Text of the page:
Erica Boonstra '08
Erica graduated from Calvin in 2008 with degrees in international development studies and English. She currently works for International Justice Mission in Washington, D.C.
What sparked your interest in international development?
My parents encouraged me to do volunteer work, ever since I was in elementary school actually. It had an incredible impact on my worldview and really impressed upon me the importance of service. When I was in high school, I volunteered for World Vision's office in Chicago, raising money for their projects in Zambia. As a result, I had the opportunity to go on one of their Vision Trips to Zambia. That was my first exposure to international development work, and I knew immediately it was what I wanted to do.
Describe your path since graduation.
After graduating, I took an internship at International Justice Mission, working in the Government Relations & Advocacy Department. I'd never had any interest in working in the political realm, nor in living in D.C., but I found a real passion in advocacy work! I spent a little time working on IJM's Field Operations team and am now IJM's Advocacy Manager, helping design grassroots campaigns to improve the U.S. government's anti-trafficking policy. I also recently started a Master's in Public Administration program at American University, where I'm focusing on international nonprofit management.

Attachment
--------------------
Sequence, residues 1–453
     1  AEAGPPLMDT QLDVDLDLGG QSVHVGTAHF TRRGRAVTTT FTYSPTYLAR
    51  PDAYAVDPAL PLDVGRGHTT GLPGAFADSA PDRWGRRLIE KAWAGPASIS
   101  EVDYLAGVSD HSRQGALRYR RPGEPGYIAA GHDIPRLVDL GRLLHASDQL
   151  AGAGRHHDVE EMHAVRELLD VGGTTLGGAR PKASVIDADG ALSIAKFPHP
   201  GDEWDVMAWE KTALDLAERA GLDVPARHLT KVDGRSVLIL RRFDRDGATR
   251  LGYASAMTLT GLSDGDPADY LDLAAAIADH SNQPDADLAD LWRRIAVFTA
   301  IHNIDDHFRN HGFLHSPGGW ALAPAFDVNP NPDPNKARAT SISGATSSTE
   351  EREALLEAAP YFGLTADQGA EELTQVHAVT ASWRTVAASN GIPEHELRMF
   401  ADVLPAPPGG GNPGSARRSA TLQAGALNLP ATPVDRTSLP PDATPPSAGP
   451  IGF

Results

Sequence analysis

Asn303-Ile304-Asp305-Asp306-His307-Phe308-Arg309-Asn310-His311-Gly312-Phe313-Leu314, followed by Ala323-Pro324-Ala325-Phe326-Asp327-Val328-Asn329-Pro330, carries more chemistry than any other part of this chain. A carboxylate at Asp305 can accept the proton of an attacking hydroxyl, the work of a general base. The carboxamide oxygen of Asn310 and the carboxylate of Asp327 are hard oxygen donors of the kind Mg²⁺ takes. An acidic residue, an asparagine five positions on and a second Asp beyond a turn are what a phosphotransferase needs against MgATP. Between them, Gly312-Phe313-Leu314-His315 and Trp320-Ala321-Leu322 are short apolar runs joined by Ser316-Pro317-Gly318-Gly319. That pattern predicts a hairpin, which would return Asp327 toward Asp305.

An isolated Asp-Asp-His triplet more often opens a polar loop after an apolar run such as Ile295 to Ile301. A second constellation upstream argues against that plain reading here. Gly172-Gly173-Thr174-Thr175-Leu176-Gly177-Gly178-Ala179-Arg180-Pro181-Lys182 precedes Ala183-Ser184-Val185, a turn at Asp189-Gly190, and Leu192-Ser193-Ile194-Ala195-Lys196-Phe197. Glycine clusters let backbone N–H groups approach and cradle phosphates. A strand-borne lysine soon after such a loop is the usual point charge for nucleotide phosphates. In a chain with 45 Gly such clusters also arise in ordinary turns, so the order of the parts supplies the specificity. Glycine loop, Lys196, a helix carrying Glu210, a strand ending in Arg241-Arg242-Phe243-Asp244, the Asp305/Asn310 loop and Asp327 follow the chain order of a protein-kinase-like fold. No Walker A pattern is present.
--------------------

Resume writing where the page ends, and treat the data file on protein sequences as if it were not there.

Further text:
What are your current activities, and what is your official position where you are working now?
I'm the Advocacy Manager at International Justice Mission. Our team is working to improve the way the U.S. government addresses human trafficking through its foreign policy. I work with people around the country to call on their members of Congress for support on these policies. I do a lot of campaign design, event planning, writing, and public speaking. I also have had the opportunity to work with IJM's office in India and Kenya in designing advocacy campaigns in those countries as well.
What is your most memorable experience in the field?
"The field" for me has been Washington, D.C.! When I graduated, I wanted to be doing direct hands-on development work in the developing world; that was the only image of the field I had in mind. But you don't need to be overseas to be involved in development. I know I'm having a real impact on the issues I care about, even if it doesn't look the way I thought it would.
What advice or words of hope and wisdom would you give to current IDS students?
If you want to go to graduate school in development, take a lot of economics and statistics classes at Calvin. I avoided taking any that weren't required, but then had to catch up in grad school.